Help with electronic components on breadboards

I got the arduino starter kit, and my components (ex the button switch or tilt sensor) doesnt fit in the breadboard you got with the package. When you push the items in they pop out.
This is very frustrating, how do I fix it? Should I request a new package and say that this one is "damaged" (even tho I think this problem occurs in almost every package)?

generally a breakout board or solder wires to the component.

The little tactile push switches do fit with a bit of persuasion, but only just.

MarkT:
generally a breakout board or solder wires to the component.

The little tactile push switches do fit with a bit of persuasion, but only just.

How does it come that they are designed like that?
I'd like to avoid soldering just because I want a more temporary solution while prototyping, and what is a breakout board?

If the components pop out, you have probably not pushed then far enough in.

I normally use a pair of needle nosed pliers to grab the legs an push them into the holes.

Peter_I:
--snip--

I see what you mean, but for example the tilt sensor got so short legs it pops even when its 100% "connected".

Maybe the pictures are a bit too unclear, but I hope you get my point.

I have to basically find a spot on the breadboard that doesn't pop it and go from there, therefore my circuits are pretty unorganized because of the strange positioning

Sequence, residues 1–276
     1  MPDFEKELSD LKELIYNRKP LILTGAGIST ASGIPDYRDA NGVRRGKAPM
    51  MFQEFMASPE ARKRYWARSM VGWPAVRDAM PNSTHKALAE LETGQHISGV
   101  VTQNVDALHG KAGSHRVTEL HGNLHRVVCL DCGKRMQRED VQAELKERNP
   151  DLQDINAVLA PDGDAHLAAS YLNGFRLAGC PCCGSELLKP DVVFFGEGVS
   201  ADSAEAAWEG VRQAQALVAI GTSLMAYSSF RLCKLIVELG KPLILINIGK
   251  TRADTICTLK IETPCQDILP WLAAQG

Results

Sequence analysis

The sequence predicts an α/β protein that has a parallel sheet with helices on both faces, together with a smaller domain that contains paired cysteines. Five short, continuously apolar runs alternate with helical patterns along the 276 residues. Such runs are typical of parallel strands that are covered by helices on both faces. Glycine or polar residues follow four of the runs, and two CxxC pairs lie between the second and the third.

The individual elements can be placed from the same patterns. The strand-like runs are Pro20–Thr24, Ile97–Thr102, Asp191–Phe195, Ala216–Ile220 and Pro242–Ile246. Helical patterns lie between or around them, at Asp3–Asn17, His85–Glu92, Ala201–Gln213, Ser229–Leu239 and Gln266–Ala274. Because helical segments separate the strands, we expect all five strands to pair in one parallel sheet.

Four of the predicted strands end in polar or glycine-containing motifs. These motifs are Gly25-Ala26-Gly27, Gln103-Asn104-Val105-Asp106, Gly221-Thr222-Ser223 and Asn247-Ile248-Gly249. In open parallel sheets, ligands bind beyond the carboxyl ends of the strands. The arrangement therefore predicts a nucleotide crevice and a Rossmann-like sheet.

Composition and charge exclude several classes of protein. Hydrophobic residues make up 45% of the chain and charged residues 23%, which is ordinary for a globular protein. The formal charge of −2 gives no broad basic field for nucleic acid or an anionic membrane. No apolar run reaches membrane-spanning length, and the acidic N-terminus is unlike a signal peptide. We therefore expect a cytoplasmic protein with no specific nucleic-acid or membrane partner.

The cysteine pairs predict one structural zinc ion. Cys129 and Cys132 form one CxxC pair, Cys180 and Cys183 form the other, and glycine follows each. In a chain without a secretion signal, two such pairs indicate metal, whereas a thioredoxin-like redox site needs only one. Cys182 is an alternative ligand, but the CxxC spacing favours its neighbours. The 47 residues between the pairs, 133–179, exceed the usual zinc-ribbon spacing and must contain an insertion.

The components are not designed to be inserted into breadboards but rather into printed circuit boards. The fact that some of them do fit nicely into breadboards is convenient. For the rest it's necessary to scratch one's head and figure out a way to get them working, Sometimes that means soldering on short wires of the appropriate size, for others adapter boards are necessary.

Breadboards are used for experimenting and prototyping. It wouldn't be cost effective for component manufacturers to design parts specifically to fit them.

RoyK:
The components are not designed to be inserted into breadboards but rather into printed circuit boards.
--snip--

So how do you get hands on printed circuit boards? 3D printer?

You might try a google search for printed circuit board

About 5,260,000 results (0.23 seconds) 8)

RoyK:
About 5,260,000 results (0.23 seconds) 8)

Yea because that is informative

RoyK:
You might try a google search for printed circuit board

But so you make a design and buy them online?
That's not what I am aiming for, maybe later but atm while testing and learning I wish to have a simple way to make my own circuit boards.
Can you buy like board templates that you can solder on?

Peter_I:
I normally use a pair of needle nosed pliers to grab the legs an push them into the holes.

How many breadboards have you broken?

That's not what I am aiming for, maybe later but atm while testing and learning I wish to have a simple way to make my own circuit boards.

a Google search for "make my own circuit boards" yields
About 19,900,000 results (0.43 seconds)

fungus:
How many breadboards have you broken?

None, I'm a gentle pusher.